Imported malaria has increased in Colombia since 2015 and has been attributed to migrants coming from Venezuela. We present a series of malaria cases, nested in a retrospective cross-sectional study between 2017 and 2018, aimed at calculating the prevalence of medical diseases among immigrants in a University Hospital in Colombia.
Since 2016 Venezuela has seen a collapse in its economy and public health infrastructure resulting in a humanitarian crisis and massive outward migration. With the emergence of the novel coronavirus SARS-CoV-2 at the end of 2019, the public health emergency within its borders and in neighboring countries has become more severe and as increasing numbers of Venezuelans migrants return home or get stuck along migratory routes, new risks are emerging in the region.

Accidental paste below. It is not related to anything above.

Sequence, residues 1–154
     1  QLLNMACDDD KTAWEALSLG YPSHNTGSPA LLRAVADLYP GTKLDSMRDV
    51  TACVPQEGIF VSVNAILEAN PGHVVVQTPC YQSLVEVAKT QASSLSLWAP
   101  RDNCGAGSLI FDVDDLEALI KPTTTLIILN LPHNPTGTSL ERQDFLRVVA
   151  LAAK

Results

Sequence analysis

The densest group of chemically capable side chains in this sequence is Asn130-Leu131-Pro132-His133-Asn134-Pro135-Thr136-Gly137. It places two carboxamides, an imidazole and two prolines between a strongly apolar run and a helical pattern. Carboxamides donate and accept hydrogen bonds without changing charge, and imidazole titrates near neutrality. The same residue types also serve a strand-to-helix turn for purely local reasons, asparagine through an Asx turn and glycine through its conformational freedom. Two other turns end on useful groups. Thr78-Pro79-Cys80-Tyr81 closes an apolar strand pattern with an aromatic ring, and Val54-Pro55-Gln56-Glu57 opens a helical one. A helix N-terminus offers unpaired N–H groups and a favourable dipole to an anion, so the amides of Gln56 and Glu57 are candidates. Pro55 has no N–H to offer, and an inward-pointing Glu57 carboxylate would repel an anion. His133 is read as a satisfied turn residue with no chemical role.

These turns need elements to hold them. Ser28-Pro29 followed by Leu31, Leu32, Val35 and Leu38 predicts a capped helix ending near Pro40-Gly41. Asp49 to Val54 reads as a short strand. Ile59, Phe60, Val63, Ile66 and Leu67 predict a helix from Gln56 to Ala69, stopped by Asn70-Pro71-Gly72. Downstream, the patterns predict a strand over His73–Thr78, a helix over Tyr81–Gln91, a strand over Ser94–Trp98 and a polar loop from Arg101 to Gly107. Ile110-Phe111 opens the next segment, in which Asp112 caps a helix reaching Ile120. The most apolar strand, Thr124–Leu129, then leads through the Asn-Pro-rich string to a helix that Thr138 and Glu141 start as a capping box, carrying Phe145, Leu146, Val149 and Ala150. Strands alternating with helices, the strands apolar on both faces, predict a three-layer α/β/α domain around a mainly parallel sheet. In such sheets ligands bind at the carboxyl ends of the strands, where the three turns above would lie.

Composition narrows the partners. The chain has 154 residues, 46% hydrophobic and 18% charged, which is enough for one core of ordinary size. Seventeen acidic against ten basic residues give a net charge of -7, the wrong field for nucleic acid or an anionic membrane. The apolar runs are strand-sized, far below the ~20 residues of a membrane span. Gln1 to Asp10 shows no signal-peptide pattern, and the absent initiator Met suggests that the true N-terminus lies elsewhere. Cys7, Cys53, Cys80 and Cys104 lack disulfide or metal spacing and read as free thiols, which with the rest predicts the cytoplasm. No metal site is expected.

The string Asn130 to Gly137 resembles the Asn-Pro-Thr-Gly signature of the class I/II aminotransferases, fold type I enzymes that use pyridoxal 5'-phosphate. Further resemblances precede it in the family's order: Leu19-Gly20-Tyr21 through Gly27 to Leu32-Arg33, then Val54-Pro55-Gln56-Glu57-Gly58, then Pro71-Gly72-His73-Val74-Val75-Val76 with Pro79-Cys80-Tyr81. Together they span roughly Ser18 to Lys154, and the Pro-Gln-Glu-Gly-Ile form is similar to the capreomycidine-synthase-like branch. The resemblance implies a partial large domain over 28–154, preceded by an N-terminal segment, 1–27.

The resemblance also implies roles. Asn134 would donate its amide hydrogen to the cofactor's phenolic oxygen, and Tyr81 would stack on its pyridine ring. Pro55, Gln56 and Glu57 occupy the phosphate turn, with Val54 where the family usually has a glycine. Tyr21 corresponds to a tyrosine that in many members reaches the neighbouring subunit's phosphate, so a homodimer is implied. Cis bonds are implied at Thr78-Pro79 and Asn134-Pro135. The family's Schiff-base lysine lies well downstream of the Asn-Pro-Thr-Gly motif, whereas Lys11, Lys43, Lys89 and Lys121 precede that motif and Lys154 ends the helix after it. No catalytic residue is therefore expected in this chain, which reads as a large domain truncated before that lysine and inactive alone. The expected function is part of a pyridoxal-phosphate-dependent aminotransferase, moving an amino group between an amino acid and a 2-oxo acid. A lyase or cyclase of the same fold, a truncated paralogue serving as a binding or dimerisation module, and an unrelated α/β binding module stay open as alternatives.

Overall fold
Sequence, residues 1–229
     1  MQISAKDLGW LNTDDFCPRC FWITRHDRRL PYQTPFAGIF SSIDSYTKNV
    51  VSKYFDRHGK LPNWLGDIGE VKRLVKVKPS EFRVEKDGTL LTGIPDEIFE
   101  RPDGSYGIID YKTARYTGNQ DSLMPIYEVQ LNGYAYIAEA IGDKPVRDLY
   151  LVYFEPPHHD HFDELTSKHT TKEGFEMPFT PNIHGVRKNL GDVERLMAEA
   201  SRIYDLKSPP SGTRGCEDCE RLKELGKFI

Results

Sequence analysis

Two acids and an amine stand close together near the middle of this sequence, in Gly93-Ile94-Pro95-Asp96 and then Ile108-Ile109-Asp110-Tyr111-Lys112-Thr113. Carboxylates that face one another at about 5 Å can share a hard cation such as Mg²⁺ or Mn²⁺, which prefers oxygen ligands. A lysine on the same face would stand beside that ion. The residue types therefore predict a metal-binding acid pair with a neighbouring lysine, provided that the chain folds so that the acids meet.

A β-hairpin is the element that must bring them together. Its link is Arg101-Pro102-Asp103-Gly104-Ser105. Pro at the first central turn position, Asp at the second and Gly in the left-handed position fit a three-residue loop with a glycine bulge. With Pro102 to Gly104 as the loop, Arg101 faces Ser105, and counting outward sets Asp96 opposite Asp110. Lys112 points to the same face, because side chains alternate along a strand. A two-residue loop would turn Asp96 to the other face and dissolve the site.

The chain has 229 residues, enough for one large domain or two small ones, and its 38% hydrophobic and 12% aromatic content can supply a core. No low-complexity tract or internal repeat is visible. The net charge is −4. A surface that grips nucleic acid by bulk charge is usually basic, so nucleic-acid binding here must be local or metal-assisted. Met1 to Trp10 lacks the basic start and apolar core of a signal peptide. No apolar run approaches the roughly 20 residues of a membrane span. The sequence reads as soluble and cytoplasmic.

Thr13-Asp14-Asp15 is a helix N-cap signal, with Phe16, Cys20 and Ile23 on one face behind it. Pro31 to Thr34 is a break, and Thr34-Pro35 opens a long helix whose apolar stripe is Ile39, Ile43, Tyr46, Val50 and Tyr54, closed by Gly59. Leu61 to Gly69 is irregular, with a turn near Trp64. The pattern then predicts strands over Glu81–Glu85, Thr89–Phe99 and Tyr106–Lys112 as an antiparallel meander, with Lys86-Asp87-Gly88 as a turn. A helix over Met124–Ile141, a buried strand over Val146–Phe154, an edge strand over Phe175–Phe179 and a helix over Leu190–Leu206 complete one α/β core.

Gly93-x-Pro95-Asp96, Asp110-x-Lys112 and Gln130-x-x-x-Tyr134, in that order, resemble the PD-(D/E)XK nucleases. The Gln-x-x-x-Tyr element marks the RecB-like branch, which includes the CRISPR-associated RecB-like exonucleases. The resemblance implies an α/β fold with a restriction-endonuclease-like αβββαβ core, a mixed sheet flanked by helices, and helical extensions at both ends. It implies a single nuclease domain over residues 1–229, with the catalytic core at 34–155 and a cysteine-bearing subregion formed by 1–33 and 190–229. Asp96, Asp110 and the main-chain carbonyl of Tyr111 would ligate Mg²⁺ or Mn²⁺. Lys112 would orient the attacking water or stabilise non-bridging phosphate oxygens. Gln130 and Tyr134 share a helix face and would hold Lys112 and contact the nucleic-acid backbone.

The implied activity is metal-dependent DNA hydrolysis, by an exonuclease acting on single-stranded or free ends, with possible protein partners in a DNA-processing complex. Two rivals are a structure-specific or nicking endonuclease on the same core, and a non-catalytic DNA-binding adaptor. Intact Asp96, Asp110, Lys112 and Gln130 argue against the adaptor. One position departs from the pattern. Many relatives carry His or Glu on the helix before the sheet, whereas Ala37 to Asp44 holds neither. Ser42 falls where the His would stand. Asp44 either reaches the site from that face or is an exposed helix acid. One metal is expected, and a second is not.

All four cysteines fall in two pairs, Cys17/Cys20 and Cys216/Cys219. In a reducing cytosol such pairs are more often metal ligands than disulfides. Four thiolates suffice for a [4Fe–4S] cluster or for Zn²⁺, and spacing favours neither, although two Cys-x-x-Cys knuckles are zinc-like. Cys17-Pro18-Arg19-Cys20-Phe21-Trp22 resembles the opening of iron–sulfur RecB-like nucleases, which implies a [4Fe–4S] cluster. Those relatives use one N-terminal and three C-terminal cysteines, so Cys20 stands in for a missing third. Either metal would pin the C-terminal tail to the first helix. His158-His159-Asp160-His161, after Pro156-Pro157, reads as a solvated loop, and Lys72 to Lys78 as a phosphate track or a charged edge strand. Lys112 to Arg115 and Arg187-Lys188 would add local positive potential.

Malaria incidence has reached staggering numbers in Venezuela. Commonly, Bolívar State accounted for approximately 70% of the country cases every year. Most cases cluster in the Sifontes municipality, a region characterized by an extractive economy, including gold mining. An increase in migration to Sifontes, driven by gold mining, fueled a malaria spillover to the rest of the country and the region. Here samples collected in 2018 were compared with a previous study of 2003/2004 to describe changes in the parasites population structures and the frequency of point mutations linked to anti-malarial drugs.